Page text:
Kielder Osprey hatchings bring new life to the species′ recolonisation story

04 June 2018

New life is breaking through in Northumberland with the year′s first new Kielder ospreys having hatched.

While the ospreys′ breeding season at Kielder Water & Forest Park has been delayed slightly by weather conditions, such as the Beast from the East, a flourish of hatchings have now begun with the first two chicks breaking through within two hours of each other - on the same nest!

Over the weekend, the final egg on that nest also hatched, while there were three other hatchings on other nests.

The new additions to the Kielder osprey family continue Kielder′s ‘soap opera in the sky′, following a flurry of ‘cast′ changes earlier in the season. While one regular, a male osprey that normally makes its home on nest three, failed to return, he was replaced by a new arrival that has quickly settled in with the usual female.

Three eggs have been spotted on each of the four nests, leading to optimism that 2018 -the tenth year that ospreys have bred at Kielder- will be a bumper year for young osprey hatchings.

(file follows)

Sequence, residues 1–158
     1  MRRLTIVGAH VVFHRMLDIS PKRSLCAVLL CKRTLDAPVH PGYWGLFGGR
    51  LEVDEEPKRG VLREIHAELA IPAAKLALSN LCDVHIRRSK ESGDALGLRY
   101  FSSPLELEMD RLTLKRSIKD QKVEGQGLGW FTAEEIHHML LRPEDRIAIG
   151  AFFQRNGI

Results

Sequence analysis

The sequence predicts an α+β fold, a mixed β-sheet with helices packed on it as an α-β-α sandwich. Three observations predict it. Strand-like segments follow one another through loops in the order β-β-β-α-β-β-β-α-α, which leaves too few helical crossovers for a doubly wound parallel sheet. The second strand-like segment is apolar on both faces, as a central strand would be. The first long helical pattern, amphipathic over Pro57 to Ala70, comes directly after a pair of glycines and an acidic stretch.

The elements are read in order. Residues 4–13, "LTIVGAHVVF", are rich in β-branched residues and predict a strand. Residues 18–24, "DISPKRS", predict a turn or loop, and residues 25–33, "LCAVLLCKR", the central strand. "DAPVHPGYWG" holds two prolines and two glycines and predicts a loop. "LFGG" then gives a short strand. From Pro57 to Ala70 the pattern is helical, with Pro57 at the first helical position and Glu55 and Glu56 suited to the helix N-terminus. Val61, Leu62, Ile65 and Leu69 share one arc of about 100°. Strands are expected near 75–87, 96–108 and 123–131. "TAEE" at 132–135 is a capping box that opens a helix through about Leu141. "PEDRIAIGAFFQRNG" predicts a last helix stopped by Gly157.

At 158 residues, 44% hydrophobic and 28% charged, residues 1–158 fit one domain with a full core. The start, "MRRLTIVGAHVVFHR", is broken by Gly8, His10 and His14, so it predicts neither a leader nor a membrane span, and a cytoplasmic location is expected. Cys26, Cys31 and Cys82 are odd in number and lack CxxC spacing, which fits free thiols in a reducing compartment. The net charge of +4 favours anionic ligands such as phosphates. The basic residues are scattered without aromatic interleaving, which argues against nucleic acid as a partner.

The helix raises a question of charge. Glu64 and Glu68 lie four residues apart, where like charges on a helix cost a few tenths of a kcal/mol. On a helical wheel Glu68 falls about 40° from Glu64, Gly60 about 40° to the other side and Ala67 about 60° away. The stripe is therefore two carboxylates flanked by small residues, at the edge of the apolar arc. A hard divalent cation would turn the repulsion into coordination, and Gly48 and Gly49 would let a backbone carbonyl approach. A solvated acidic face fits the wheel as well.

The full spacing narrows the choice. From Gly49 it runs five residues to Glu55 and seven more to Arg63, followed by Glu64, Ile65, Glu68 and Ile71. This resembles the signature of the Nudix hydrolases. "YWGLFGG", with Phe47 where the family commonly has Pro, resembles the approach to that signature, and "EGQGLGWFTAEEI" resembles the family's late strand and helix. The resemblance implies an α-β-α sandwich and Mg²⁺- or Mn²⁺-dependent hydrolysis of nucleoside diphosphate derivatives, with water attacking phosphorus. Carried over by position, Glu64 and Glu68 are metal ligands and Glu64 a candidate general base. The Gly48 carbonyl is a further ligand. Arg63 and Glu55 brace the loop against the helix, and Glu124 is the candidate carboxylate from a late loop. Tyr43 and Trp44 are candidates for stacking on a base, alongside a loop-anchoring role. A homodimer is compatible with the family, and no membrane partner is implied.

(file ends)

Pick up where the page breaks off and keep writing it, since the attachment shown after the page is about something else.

Kielder osprey expert volunteer Joanna Dailey said: "We should see a flurry of activity now as the eggs start to hatch, bringing another year of new life to the Kielder osprey story. The time between the first two chicks is possibly a UK record for the shortest interval between hatches, although eggs have hatched within 24 hours on a number of nests, including Nest 4 last year.

"The new arrival and his mate have done very well, as have the returning ospreys, in gifting us a dozen eggs, with the promise of continuing the growth of the Kielder osprey family.